Thursday, 5 August 2021


Heineken wasn't the only large brewery in Rotterdam. There was one far older concern: Oranjeboom Though the two breweries were connected.

Most of the information below comes from the Biernet site.

Founded as Brouwerij d'Orangienboom in 1670, its original home was in the city centre on the Nieuwe Haven. Though this site was only active until 1682, when production was concentrated at their other brewery on Coolvest.

Oranjeboom went through various owners before coming into the hands of the Baartz family in 1828. After Heineken's success with Lager, Oranjeboom considered building a new Lager plant in 1871. This was headed off by Heineken, who were about to build their own Lager plant in the city. Willem Baartz took shares in the newly-established Heinekens Bierbrouwerij Maatschappij. The plan was that Heineken's Rotterdam brewery would produce only Lagers, while Oranjeboomstuck with top-fermenting beers.

Things turned sour in 1884, when Heineken got wind of Oranjeboom's plan to buy a Linde ice machine, which they thought was meant for producing Lager. They went ahead and in 1885 opened a new brewery on the south side of the Maas, which was capable of brewing both top- and bottom-fermenting beers. 

 As you can see from the photo, it was a substantial affair.

Interestingly, for the first couple of decades after completing the new premises, Oranjeboom stuck to mostly top-fermenting"

The last topic was an introduction to the visit to the Brewery and Ice Factory "d'Oranjeboom". In connection with the fact that only about two years ago Heineken's brewery in Amsterdam had been discussed in more detail, now only a few technical details of "d'Oranjeboom" have been pointed out. As far as the brewing process is concerned, it should be noted that this brewery for both types of fermentation is just as completely set up, yet it has remained by far for the most part faithful to the top fermentation. After the meeting many people took part in the visit.
Het Vaderland 06-02-1903 

They brewed a lot of beer by Dutch standards - in 1896 more than 200,000 hl.

Here's what they were brewing between the wars:

Oranjeboom beers in 1933
Beer Style OG Plato FG Plato ABV App. Attenua-tion kg hops/ 100 kg hops kg/hl
G (Gerste) Dark Lager 8.33 4.30 2.15 49.21% 1.15 0.13
GL (Gerste Licht) Pale Lager 8.47 2.50 3.16 71.18% 1.21 0.14
P Pilsner 11.52 3.50 4.31 70.57% 1.15 0.18
M Münchener 11.98 5.90 3.31 51.92% 0.80 0.13
St Stout 16.10 6.90 5.10 58.66% 1.87 0.41
Bk Bock 16.60 7.80 4.90 54.60% 0.93 0.22
Oranjeboom brewing record.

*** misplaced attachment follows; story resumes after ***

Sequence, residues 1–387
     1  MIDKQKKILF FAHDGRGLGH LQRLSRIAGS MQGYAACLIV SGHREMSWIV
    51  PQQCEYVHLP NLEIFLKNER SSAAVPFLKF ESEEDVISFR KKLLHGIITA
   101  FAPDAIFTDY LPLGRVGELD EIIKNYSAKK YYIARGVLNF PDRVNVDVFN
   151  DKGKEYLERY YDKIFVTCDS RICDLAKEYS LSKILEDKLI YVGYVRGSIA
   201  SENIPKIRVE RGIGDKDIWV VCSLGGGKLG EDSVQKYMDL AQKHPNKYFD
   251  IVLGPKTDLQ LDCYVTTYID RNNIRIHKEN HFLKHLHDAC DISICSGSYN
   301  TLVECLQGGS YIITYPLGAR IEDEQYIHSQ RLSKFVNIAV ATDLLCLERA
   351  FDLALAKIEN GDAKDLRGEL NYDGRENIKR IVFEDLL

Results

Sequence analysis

In 1961 Oranjeboom merged with Werthabrouwerij (Weert), Phoenix Bierbrouwerij (Amersfoort), Keizer Barbarossa (Groningen) and Zuid Hollandse Bierbrouwerij (Den Haag). Not much later Oranjeboom theselves fell to the UKs Allied Breweries in 1967. A year layer they were bundled together with De Drie Hoefijzers from Breda.

Here are some postwar beers. Given the low ABV, they must have been brewed specifically for the UK market

Oranjeboom beers 1957 - 1967
Year Beer Style Price (d) OG FG ABV App. Atten-uation colour
1957 Dutch Lager Lager   1035.4 1007.5 3.62 78.81% 10
1957 Dutch Pilsener Pils 42 1033.3 1007.8 3.31 76.58% 9
1961 Dutch Pilsner Pils 36 1031.1 1006.9 3.02 77.81% 9.5
1963 Pilsner Lager Pils 42 1031.6 1005.9 3.21 81.33% 7.5
1967 Pilsner Lager Pils 35 1031 1006 3.13 80.65% 8.5
Whitbread Gravity book held at the London Metropolitan Archives, document number LMA/4453/D/02/002.

In a disastrous move, Allied insisted that all their beer in Holland be branded as Skol. Something that didn't help sales at all. I can remember many cafes being branded Skol when I lived in Rotterdam in 1987. Though a little earlier they had reintroduced the Oranjeboom name at pubs were gradually reverting to that livery.

All a little too late to save the brewery, which closed in 1989.


Mike said...

Ah, that explains why there was skol in the pub when I visited the Netherlands in 1987 as an impressionable teenager.

Phil said...

I remember Allied punting Oranjeboom as a brand in the UK in the early 80s(?). They obviously reckoned the name was the big hurdle, and had TV adverts where it was pronounced clearly and distinctly: "o-RAN-ji-boom". My OH remembers an ad with a jingle to drive the point home:
"Oranjeboom, Oranjeboom,
It's a lager, not a tune".
(No, me neither.)

Maybe it would have failed even sooner than it did if they'd gone with "o-RAHN-yeh-bohm". I suspect that if the beer had taken off, none of that would have mattered - ISTR when Skol first came in there were adverts insisting that it wasn't pronounced... well, 'skol'... but something more like "shkoahl".

Mike in NSW said...

I have fond memories of Oranjeboom in the UK back in the 1970s. It made a welcome change from the fake Heineken brewed in the UK, not to mention the fake Harp and pretty awful local brews like Alpine Lager (Camerons)and the equally vile McEwan's lager etc. I used to get it from Marks and Spencer

Steve D. said...

When I visited Amsterdam in November 2000 (this is the most recent time I visited Europe), I was informed that if I visited a small bar which was not necessarily a craft beer venue, that its "house" beer was likely Oranjeboom.
Oranjeboom is being imported to the U.S.A. I bought a 6-pack of 500 mL cans at Trader Joe's in November 2020.

As a tribute to the House of Orange, the Orange Tree crest, symbolizing the family tree of the Dutch Royal family 'Oranje-Nassau', was introduced and the Oranjeboom brand was born.
Oranjeboom is one of Holland's oldest brands. Since we started shipping beer in 1899 to almost every corner of the world, Oranjeboom has been appreciated for its refreshing, outstanding quality.

Beer imported by Mutual Wholesale Liquor; Commerce, California.
Brewed and canned in Germany by Hofbrauhaus Wolters GmbH; Braunschweig, Germany.